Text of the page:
THE BLOG
12/21/2013 07:23 pm ET | Updated Feb 20, 2014

The Best of 52 Books in 52 Weeks

So what seems like a million years ago I started this project to read 52 bestsellers in 52 weeks. Along the way, I've had a great group of readers reading along with me on Facebook and Goodreads. Recently, I asked them to let me know what their favorite reads this year were, and here are the results:

1. The Fault in Our Stars by John Green. This excellent book was the clear winner with over 25 percent of the vote. The story of Hazel (a girl suffering from terminal cancer) and Augustus (a boy who's survived cancer) and their quest to find an illusive author who has shaped Hazel's worldview is both funny, sad, thoughtful and extremely well-written. It's also one of those books that transcends genre. The main characters may be teenagers, but so what? The emotions they feel, the thoughts they express, these are all universal. And the writing! I could quote a dozen lines, but the one that sticks with me the most is: "As he read, I fell in love like you fall asleep; slowly, and then all at once." Sigh. My full review here and you can learn more here.

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2. Me Before You by JoJo Moyes. Another book I enjoyed very much, this book garnered over 15 percent of the votes. The story of Lou, a down on her luck woman who's trying to find her place in the world, and Will, a man who used to have everything, is a tear-jerker (I read the conclusion on an airplane and I'm sure the person sitting next me thought I'd gotten bad news), but it also makes you think. What kind of life is worth living? Should we be able to make the ultimate choices about our lives? Is love alone enough? My full review here and you can learn more about the book here.

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3 (A TIE). Gone Girl by Gillian Flynn. This is one of my favourites as well and received 10 percent of the vote. Soon to be a movie, it's the story of Amy Elliot Dunne, who goes missing on her fifth wedding anniversary, and her charming but struggling husband, Nick. Of course, her husband is the chief suspect, and the first third of the book is told mostly through his eyes. Flynn does an excellent job of keeping us wondering whether he's involved in her disappearance or not, and makes him likeable despite the unsavory things we find out about him along the way. The ending is controversial, but that's often the case in the best books. My full review here and you can learn more here.

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3 (A TIE). Orphan Train by Christina Baker Kline. This excellent read also received 10 percent of the votes and has been a fixture on the bestseller list this year. It's about the 'Orphan Trains' that drove through depression era America full of orphans to try to help them find homes. The book is so rich in detail about both that era, and the contemporary storyline that goes with it, that it jumps off the page. In fact, to me, one of the prime strengths of the book is its excellent portrayal of a modern day, slightly outcast teenager, who's looking for her own place in the world. Every once in a while, an excellent, heartwarming book breaks out of the crowd and into the public consciousness, and how wonderful for all of us that this is one of them. You can read my complete review here and learn more about the book here.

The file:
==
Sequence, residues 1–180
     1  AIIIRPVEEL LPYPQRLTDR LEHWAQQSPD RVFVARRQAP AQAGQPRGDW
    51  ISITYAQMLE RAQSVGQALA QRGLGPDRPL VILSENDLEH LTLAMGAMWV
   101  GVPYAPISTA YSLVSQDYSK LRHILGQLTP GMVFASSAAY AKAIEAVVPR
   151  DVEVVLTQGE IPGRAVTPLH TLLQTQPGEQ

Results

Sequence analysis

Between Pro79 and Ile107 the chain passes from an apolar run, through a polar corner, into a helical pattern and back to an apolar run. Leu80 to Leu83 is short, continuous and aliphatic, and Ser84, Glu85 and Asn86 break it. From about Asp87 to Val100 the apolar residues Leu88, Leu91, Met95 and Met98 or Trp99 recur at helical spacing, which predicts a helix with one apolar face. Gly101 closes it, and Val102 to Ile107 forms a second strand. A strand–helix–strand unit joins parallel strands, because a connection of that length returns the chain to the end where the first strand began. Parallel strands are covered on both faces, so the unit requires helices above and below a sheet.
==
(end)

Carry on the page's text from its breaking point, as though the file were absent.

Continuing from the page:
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5 (A TIE). The Banks of Certain Rivers by Jon Harrison. One of my favourite reads this year, Harrison's debut is about a schoolteacher who's accused of assaulting a student when a suspicious YouTube video surfaces. That's the headline, but the book is so much more than that. Excellently written, slyly funny, it contains a unique look into a relationship between father and son, and deep insight into how to deal with loss and moving on. One of the most common comments about this book is that it doesn't read like debut fiction. And if by that people mean that it is written with an assuredness and confidence not often found in first novels, they are right. In short: read it. You won't be sorry. You can read my complete review here and learn more more about the book here.

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5 (A TIE). Z: A Novel of Zelda Fitzgerald by Therese Anne Fowler. A well-research romp through the roaring 20s told from the perspective of F. Scott Fitzgerald's notorious wife, Zelda. Zelda has been oft maligned in literary circles, a kind of Yoko Ono of her day, the alleged downfall of Fitzgerald and the reason he never found the success (while alive) that he wanted desperately. This novel turns that notion on its head, and though we'll never know the complete story of what happened between these two, this version seemed as real to me as anything else I'd read. What really stays with me about this book is its feel. And the cover. One shouldn't judge a book by its cover, but in this case it is perfectly right to do so. My complete review here and you can learn more here.

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And so that's it folks. We'll be reading Donna Tartt's The Goldfinch as our last read of the year, and then I'm going to mix it up a bit. Stay tuned. And in the meantime: read on.